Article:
Company strike off and business liquidation are two ways to close down a business, but it can be difficult to know which process is the most appropriate. Initially, you need to consider your company’s financial position – whether it’s solvent or insolvent – and think about the potential repercussions for yourself as a director.
Your company can be tested for solvency in three ways, and may be solvent if:
It’s advisable to seek confirmation of solvency from a licensed insolvency practitioner (IP) before proceeding, so what else should be factored in to your decision?
Voluntary strike off is only available for solvent companies. If you attempt to strike off the company when it owes money to creditors, it’s highly likely that they’ll oppose the application.
Voluntary liquidation is available to solvent and insolvent businesses, but the two processes are different. If you enter Members’ Voluntary Liquidation (MVL), which is the option for solvent companies, you must sign a Declaration of Solvency beforehand. Should the company later be found to be insolvent, the process switches to Creditors’ Voluntary Liquidation (CVL).
Voluntary strike off involves winding up your company’s affairs, including closing down your payroll scheme, submitting the company’s final accounts, and making all outstanding tax payments. The difference between this and liquidation is there’s no need to seek professional help when striking off a company, and directors take responsibility for ensuring that all requirements are met.
Liquidation is a formal procedure, so a licensed insolvency practitioner (IP) must be appointed to realise company assets, distribute funds to creditors, and notify all relevant parties.
The company is removed from the Companies House register but if a creditor hasn’t been informed, they can apply for it to be reinstated to make a claim on their debt. When a company is restored to the register in this way, it’s treated as if dissolution hadn’t happened. Directors can face investigation as a result, which is why it’s crucial to ensure that all creditors are notified.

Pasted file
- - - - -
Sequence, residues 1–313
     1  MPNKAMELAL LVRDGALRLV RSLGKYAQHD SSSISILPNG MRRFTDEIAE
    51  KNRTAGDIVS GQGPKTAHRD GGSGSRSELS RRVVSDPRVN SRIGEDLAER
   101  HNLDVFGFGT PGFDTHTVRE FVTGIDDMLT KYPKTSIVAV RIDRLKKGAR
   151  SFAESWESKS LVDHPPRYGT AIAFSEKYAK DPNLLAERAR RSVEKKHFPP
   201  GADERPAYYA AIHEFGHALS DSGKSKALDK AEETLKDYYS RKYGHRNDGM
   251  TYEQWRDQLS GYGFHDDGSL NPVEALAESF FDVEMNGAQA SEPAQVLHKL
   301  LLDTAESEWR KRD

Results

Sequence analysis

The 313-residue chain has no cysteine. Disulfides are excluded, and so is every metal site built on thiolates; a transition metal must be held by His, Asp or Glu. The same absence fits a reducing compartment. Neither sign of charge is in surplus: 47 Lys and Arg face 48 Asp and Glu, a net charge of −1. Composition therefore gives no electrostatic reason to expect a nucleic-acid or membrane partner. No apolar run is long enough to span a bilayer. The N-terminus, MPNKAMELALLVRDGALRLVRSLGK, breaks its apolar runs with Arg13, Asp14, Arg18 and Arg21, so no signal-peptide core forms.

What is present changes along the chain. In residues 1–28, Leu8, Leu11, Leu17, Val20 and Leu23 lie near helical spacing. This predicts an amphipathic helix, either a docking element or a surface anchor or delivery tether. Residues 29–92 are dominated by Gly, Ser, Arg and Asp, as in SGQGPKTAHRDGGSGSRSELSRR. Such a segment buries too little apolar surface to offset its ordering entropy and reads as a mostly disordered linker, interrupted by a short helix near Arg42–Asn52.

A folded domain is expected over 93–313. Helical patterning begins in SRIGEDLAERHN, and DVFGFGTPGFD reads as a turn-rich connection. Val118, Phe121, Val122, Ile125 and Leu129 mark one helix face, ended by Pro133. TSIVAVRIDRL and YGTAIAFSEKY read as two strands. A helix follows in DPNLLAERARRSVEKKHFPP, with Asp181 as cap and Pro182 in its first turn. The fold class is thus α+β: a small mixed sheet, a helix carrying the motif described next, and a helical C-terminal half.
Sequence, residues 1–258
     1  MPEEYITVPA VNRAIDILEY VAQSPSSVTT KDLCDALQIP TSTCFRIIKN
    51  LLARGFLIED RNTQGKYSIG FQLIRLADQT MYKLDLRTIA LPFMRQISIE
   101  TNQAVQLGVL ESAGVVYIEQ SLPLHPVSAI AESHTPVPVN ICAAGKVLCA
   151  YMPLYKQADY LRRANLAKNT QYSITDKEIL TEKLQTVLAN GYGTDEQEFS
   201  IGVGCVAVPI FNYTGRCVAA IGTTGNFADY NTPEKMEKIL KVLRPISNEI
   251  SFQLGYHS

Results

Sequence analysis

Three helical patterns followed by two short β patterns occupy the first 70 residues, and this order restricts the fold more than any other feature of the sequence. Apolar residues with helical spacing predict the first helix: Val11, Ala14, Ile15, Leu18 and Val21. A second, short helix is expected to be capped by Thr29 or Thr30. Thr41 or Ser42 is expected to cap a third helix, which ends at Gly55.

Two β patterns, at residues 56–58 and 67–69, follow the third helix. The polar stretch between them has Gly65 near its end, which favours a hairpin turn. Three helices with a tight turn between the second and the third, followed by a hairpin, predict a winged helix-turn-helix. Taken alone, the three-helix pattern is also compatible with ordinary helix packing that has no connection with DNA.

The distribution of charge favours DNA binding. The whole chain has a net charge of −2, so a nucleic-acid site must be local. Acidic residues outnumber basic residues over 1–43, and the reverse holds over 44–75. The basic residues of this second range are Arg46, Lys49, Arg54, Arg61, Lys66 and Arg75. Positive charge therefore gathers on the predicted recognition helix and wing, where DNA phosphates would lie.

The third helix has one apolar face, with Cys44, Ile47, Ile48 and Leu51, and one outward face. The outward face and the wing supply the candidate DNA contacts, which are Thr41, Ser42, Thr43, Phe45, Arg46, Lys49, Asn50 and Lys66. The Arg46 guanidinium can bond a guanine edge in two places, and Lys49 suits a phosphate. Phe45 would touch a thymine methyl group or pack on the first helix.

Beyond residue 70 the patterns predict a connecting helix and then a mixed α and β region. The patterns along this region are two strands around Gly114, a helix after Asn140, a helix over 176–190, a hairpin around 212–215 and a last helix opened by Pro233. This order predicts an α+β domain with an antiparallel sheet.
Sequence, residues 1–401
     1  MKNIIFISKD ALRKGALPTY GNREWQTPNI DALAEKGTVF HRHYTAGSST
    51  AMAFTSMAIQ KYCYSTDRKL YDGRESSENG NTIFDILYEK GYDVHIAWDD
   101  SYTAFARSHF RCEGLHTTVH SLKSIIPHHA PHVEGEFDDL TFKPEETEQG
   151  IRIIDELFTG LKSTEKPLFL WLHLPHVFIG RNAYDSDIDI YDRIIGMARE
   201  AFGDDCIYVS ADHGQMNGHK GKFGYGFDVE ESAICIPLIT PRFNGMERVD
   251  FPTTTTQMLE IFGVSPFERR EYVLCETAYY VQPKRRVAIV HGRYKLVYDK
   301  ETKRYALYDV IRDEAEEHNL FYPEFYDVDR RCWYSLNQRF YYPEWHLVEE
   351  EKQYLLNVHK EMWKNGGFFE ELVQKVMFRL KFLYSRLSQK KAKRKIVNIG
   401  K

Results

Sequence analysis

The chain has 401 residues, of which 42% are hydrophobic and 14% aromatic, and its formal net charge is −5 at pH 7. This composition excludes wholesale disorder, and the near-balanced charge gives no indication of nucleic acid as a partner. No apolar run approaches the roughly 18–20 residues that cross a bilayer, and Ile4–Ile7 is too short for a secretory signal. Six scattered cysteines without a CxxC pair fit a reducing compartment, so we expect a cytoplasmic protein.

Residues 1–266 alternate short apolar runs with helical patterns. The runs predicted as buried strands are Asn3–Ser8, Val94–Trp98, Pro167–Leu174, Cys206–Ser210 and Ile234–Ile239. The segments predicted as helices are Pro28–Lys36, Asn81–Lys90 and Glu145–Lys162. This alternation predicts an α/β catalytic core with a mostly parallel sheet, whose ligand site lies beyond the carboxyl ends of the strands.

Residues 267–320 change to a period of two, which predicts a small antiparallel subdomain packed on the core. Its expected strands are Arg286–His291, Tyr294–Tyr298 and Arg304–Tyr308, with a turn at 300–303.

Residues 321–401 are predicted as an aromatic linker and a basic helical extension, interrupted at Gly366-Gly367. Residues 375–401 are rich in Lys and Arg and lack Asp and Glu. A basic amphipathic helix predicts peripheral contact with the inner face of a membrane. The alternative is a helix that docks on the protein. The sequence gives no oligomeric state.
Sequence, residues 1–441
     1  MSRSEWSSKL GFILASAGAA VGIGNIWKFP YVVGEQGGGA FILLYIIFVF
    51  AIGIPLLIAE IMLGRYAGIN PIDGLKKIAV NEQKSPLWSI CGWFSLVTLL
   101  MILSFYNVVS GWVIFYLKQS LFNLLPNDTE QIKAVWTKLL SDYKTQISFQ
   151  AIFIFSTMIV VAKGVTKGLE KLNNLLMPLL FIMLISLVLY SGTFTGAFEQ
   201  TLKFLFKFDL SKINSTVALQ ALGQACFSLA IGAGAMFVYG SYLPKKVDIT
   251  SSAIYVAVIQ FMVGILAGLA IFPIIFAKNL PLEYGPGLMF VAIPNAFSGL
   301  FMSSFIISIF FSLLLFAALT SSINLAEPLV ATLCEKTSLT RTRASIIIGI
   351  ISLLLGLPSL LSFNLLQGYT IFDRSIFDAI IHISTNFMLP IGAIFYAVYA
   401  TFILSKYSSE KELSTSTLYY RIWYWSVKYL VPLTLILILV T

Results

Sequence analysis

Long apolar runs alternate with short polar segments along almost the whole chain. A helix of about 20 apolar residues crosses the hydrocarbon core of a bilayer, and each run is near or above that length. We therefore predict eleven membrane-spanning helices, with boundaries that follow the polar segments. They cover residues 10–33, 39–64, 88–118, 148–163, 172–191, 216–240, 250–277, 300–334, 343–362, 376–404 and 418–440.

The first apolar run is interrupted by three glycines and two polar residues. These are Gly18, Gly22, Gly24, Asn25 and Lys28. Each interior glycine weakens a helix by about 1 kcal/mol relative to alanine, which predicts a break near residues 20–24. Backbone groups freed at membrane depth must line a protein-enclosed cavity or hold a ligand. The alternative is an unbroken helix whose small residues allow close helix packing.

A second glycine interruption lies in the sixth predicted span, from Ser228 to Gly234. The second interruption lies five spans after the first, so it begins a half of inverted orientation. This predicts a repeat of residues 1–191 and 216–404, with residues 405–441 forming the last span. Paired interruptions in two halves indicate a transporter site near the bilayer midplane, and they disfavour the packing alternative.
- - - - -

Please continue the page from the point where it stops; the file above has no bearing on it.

Whilst a company dissolved after liquidation can be reinstated, this is less likely following a liquidation as the IP will contact all known creditors and advertise the appointment in the London Gazette so all parties should be aware of the position.
Company strike off is an inexpensive way to close a company. It costs only £10, but it’s necessary to take a broader view than the financial cost alone. The issues that can arise on a personal level for directors, such as disqualification and personal liability, if there are problems following strike off, need careful consideration before proceeding.
As a formal process, liquidation attracts professional fees, and a considerable difference in cost exists between this and voluntary strike off. The benefits of entering voluntary liquidation rather than strike off, however, are also significant and can make the additional cost worthwhile. For example, directors on the payroll could be entitled to directory redundancy when their company goes into insolvent liquidation – with the average pay-out standing at £9,000 per director. Another key difference to company strike off is that once a company has entered into a Creditors’ Voluntary Liquidation, creditors cannot take legal action against the business although they can still attempt to force it into compulsory liquidation although this is rare.
If you attempt to strike off your company believing it is solvent, but it owes money to one or more creditors, they’re likely to oppose the strike off and will make a challenge.
A notice is placed in the Gazette prior to a company being struck off, to inform creditors of the situation, and it could lead to an investigation into your conduct. The strike off application may go through unchallenged, but the fact remains that the company can be reinstated and you could be at risk of personal liability and/or disqualification at a later date. In fact, HMRC regularly monitor strike-offs, and will block any action where there are taxes owed.
If the same scenario occurred during solvent liquidation, the process would switch to Creditors’ Voluntary Liquidation. Both processes are administered by a licensed IP, and the fact that you’ve sought professional assistance demonstrates your intent to place creditor interests first.
There is also a liquidation process for solvent companies – a Members’ Voluntary Liquidation – in which there can be tax benefits, including Entrepreneur’s Relief, and these benefits are not available in a company dissolution / strike-off process.
Begbies Traynor Group are liquidation specialists and can provide further advice tailored to your circumstances. Please contact one of our partner-led team to arrange a free, same-day consultation in complete confidence. We operate a broad network of offices around the UK.
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